How are other political parties handling money? The newest political party, Kim Dotcom's Internet Party - which polled 1.5% in Wednesday's Roy Morgan poll - is in the news after placing a newspaper advertisement looking for candidates who 'will put the welfare of New Zealanders before corporate interests, foreign powers or former school chums' - see Felix Marwick's 'Prime Minister Wanted'. Dotcom is promising to pay candidates a full MP's salary just for standing - something which National supporter and Kiwiblog author David Farrar is strongly against: 'This will be a first. It seems every single person involved in the Internet Party is being paid to be involved. Candidates will be effectively personally paid by Kim Dotcom. That means they must of course do whatever he says. This is not a genuine political party. It is a wholly owned company' - see: Even the candidates are on the payroll.
Meanwhile, New Zealand First is asking its election candidates to sign a contract forcing them to pay the party $300,000 in damages if they leave the party once in parliament but stay on as MPs, in light of the Brendan Horan situation. Radio New Zealand's Demelza Leslie reports that law professor Andrew Geddis believes 'the courts would throw the contract out on public policy grounds because it effectively amounts to New Zealand First twisting a member's arm to quit Parliament' - see: NZ First radically changes its rules and Michael Fox's NZ First penalty said to be unenforceable. See also Andrew Geddis' blog post, I'm right, Winston's not, so there and Gordon Campbell's On New Zealand First's loyalty pledge.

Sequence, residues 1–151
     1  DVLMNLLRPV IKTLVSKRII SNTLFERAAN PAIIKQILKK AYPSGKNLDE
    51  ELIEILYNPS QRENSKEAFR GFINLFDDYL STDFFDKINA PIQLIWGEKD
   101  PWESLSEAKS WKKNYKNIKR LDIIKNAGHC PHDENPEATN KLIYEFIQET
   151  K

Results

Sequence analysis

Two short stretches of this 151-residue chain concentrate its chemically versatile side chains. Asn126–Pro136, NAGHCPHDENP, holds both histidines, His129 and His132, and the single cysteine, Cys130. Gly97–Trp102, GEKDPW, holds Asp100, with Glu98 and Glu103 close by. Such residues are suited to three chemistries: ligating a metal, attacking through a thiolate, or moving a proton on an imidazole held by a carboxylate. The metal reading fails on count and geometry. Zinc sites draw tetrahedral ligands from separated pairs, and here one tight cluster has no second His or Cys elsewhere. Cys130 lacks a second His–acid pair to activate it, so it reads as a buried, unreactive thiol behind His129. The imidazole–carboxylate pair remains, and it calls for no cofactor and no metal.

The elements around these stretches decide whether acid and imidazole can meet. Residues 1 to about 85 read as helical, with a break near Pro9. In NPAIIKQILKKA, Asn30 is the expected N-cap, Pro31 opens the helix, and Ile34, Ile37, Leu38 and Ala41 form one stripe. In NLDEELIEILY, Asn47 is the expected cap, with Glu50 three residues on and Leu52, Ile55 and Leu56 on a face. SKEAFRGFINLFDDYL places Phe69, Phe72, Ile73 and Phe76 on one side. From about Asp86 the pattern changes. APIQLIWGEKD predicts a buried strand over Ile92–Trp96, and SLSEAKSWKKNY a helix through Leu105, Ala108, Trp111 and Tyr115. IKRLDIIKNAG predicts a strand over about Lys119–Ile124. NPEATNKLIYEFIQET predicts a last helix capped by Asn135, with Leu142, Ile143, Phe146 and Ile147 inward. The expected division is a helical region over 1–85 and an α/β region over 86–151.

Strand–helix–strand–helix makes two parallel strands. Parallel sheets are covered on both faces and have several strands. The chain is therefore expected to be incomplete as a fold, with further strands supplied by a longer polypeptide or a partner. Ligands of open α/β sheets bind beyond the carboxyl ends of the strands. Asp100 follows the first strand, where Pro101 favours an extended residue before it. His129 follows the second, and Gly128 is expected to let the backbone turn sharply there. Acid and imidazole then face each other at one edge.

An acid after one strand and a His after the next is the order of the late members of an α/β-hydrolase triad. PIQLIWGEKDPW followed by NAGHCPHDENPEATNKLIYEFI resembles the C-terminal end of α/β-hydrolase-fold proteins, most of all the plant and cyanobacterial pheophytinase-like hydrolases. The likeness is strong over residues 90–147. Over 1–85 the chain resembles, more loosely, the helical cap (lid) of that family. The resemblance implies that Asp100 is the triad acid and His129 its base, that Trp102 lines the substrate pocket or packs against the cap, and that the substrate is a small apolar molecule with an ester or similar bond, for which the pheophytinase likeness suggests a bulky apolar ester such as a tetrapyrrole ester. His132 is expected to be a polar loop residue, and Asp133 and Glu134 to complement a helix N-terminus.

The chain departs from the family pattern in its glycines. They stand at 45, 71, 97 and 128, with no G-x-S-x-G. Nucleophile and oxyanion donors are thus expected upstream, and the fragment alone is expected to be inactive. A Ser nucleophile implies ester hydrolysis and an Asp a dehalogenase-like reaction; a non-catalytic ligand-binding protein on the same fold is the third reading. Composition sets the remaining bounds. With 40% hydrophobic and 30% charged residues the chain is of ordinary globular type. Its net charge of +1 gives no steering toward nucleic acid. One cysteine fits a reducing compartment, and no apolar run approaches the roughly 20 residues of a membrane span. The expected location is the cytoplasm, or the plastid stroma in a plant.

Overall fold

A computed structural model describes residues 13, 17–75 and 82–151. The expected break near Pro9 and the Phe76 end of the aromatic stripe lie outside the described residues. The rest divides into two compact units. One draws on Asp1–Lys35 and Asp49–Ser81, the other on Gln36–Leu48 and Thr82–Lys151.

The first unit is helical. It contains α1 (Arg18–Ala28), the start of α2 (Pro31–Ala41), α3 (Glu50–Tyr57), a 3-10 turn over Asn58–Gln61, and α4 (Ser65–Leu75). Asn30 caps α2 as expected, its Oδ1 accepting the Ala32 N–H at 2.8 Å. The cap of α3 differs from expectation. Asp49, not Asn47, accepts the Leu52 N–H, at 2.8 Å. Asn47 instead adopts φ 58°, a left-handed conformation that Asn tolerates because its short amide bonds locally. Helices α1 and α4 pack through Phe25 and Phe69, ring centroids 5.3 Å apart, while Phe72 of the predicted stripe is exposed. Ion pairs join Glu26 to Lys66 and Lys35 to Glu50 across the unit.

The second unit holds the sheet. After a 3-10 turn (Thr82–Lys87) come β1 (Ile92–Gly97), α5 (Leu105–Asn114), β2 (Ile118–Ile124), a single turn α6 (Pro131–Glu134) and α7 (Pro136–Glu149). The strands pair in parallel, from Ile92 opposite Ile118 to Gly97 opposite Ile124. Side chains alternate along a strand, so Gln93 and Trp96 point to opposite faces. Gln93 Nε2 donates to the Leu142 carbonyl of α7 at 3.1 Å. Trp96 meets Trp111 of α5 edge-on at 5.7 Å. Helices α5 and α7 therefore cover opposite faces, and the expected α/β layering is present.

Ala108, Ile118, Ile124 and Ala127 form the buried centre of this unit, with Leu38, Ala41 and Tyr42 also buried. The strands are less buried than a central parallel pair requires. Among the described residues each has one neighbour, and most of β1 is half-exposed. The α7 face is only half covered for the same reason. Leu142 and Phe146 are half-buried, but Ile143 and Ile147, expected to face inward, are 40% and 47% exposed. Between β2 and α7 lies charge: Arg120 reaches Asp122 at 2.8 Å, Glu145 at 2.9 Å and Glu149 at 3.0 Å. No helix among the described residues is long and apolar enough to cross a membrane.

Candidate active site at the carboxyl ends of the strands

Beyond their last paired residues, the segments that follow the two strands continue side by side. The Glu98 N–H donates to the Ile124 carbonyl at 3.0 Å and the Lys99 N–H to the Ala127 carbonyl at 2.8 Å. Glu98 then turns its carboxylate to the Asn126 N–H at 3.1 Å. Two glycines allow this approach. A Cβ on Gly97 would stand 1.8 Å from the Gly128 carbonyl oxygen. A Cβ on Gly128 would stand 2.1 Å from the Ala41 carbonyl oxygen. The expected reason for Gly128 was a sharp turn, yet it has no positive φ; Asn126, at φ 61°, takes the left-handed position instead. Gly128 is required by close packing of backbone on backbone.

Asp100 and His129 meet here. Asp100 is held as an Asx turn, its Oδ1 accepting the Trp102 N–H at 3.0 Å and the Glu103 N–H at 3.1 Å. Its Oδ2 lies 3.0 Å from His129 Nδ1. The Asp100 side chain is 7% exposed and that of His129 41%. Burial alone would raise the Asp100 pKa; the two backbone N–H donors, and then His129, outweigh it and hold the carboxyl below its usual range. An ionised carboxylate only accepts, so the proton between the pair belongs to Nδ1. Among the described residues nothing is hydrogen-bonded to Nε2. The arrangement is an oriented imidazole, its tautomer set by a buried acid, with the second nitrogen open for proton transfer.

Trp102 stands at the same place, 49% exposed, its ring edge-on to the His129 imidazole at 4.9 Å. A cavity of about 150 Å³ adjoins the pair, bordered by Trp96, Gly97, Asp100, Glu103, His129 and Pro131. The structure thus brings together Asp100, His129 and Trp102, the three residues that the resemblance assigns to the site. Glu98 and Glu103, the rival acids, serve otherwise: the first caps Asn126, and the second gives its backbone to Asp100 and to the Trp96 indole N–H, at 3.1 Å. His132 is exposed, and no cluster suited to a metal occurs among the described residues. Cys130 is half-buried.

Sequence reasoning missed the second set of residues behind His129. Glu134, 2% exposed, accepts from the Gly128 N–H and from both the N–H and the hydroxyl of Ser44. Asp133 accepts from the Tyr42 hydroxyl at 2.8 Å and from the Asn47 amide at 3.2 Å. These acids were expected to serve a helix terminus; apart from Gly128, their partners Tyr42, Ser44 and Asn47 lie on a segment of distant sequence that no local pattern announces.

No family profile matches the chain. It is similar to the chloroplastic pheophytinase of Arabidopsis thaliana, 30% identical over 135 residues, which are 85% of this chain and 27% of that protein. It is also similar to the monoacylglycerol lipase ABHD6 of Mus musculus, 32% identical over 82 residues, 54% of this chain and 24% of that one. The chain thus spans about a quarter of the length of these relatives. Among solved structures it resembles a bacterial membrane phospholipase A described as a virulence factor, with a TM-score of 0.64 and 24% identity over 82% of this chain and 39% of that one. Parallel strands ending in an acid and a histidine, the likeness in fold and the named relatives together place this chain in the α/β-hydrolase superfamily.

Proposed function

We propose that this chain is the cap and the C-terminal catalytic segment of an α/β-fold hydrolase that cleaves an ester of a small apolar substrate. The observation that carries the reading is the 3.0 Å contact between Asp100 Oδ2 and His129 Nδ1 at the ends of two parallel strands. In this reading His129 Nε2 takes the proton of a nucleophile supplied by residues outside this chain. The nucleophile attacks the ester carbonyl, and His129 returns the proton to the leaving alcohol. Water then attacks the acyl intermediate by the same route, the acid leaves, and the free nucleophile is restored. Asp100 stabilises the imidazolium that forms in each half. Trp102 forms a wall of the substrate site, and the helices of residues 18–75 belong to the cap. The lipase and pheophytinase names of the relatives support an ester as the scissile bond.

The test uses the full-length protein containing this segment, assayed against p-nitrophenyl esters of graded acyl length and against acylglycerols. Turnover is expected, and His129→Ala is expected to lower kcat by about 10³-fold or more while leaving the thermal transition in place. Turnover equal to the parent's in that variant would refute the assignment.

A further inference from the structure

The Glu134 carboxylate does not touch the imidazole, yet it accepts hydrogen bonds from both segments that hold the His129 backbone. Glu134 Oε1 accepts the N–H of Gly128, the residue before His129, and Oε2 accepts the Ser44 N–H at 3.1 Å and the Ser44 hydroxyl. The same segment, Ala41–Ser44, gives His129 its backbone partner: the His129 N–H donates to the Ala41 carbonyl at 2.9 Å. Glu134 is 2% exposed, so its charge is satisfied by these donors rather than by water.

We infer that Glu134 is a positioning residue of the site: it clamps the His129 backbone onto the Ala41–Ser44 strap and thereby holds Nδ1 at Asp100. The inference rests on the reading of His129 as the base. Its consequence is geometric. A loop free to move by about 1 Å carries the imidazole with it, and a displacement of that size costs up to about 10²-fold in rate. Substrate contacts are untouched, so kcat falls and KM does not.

New Zealand First MP Tracey Martin is also in the news after receiving a $35,000 annual salary from 2011-2013 as a local council board member - see National supporter David Farrar's A bit misleading.
What has been the fallout from the resignation of Maurice Williamson and the revival of the Oravida affair? The latest Roy Morgan poll came out on Wednesday, the results of which are summarised in the NBR's Labour-Greens move ahead of National as scandal engulfs govt.
Left-leaning commentator Selwyn Manning believes the poll is evidence that the Opposition has 'sustained a turn around of fortunes after being seen as a credible government in waiting bloc'. He says: 'In one month, since the Roy Morgan April 17 poll, National has seen its lion's share of support collapse from what was then said to be National's (then on 48.5%) biggest lead over Labour/ Greens (then on 40%) since July 2013' - see: National's Support Collapses Over Collins+Williamson Scandals - Roy Morgan Poll.
Of course, it is worth being wary of taking a single poll too seriously, as Labour advisers Rob Salmond in The Morgan poll, today and later, and Greg Presland in Latest Roy Morgan are at pains to point out. Both Salmond and the NBR point to next week's Budget as the next key event, with the NBR saying that the government will be hoping it 'will act as a circuit-breaker' after the news of the last fortnight.
Finally, for some social media reaction to allegations of 'cash for access' in the National Party, see my blog post Top tweets about National's Cabinet Club and other political fundraising issues.